All windows and doors are kept closed shut all day and all night in Daliuying Village in central China’s Henan Province. The acidity in the air is so terrible, it’s the least people can do to avoid the smell.
The drinking water seems even worse and looks like starch. The river has a reddish-yellow color. The source of the pollution is a medicine factory a mile away from Daliuying.
“Living here is very depressing. There’s pollution here from morning to night. We don’t dare go out because of the smell. When I do go out, I can’t keep my eyes open,” a resident in Daliuying Village in a suburb of Nanyang City in Henan Province told state-run China Central Television (CCTV).
Many pregnant women have decided to leave the village until their babies are born, CCTV reported.
Local people have relied on ground water since ancient times, but no one dares to drink it any more. Villagers say the water tastes salty. CCTV footage shows that when a villager boils some water from a well, oil floats on the surface, and some white, starch-like substance precipitates.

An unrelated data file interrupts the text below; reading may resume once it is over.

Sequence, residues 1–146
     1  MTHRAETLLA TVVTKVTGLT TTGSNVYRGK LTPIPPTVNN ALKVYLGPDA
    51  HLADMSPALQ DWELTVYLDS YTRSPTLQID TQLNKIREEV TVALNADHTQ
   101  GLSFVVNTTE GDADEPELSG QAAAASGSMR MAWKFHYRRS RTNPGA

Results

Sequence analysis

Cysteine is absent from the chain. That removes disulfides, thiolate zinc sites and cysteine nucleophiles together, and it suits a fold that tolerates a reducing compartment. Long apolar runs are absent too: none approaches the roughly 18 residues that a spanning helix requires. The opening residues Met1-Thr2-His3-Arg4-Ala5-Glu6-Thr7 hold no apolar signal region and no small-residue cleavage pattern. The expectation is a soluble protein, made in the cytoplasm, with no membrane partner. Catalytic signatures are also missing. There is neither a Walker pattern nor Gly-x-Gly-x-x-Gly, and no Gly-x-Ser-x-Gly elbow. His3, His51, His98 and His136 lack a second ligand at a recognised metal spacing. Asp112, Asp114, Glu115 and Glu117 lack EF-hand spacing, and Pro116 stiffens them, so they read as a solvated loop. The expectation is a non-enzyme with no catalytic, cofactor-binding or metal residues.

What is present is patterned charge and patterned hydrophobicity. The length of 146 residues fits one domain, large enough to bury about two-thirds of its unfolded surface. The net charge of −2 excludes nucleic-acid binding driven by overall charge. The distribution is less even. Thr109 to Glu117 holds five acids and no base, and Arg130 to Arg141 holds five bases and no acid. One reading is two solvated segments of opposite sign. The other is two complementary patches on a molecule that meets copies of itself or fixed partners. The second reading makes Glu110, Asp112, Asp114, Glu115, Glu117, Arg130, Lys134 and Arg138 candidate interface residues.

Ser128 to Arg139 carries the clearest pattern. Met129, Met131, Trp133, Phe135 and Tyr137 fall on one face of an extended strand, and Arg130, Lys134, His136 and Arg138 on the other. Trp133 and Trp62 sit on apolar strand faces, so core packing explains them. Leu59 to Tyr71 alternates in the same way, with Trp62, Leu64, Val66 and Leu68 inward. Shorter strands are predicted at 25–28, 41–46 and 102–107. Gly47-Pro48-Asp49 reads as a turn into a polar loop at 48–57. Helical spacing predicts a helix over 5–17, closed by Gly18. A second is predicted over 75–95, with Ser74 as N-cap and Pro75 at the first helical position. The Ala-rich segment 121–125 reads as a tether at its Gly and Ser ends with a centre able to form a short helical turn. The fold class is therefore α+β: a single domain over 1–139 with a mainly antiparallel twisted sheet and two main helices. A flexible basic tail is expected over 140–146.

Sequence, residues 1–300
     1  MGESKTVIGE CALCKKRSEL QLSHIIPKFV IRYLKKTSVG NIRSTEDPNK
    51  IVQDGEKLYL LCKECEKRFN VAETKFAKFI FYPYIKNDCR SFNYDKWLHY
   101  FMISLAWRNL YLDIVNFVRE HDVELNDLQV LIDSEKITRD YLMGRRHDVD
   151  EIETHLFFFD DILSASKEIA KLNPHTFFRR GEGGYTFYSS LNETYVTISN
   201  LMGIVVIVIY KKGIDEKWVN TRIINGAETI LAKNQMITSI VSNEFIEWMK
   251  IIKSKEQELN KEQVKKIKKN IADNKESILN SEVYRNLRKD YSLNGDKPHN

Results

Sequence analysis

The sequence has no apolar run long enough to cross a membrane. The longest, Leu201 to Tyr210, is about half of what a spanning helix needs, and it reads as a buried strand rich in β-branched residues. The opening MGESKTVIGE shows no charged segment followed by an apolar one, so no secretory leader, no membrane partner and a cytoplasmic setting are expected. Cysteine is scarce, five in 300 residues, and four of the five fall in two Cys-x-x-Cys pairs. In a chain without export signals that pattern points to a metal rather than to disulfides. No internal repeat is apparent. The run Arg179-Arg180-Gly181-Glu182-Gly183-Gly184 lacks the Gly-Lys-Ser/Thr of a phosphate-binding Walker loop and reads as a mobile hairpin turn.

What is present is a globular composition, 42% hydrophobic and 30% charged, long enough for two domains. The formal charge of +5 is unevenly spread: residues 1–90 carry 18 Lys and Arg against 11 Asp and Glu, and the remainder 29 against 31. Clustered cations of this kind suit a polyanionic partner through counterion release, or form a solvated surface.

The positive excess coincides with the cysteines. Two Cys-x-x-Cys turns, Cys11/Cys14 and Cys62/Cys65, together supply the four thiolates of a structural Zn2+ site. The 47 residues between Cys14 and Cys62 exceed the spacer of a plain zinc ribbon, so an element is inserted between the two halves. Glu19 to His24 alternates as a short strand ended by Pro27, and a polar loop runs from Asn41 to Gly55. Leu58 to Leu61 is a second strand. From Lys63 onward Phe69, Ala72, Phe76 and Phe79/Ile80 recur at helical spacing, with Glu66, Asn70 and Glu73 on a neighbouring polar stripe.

No one dares to touch the water in the river running through the village any more either, because many villagers have developed rashes that are intolerably itchy after touching the river, CCTV reported.
The local agriculture industry has also been affected by the water pollution, producing lower quality and a decreasing amount of food every year, according to the CCTV report.
Many times local villagers have reported pollution from the medicine factory to local government officials, but to no avail. Meanwhile, as the complaints increase, the medicine factory moved its sewage drainage to more hidden locations.
Many Chinese citizens have questioned the political background of the medicine factory, and condemn the local government’s inaction. “Such water should be supplied to the officials of the local environment department. See if they would drink it. The medicine factory must have a strong backstage supporter!” a netizen with username “Love and Rivers” remarked.
As the water and air pollution worsens in China, state departments and some state-run enterprises are running their own farms to provide officials with “special food supplies.” But considering how pollution spreads, the quality of such sources of food could also be questionable.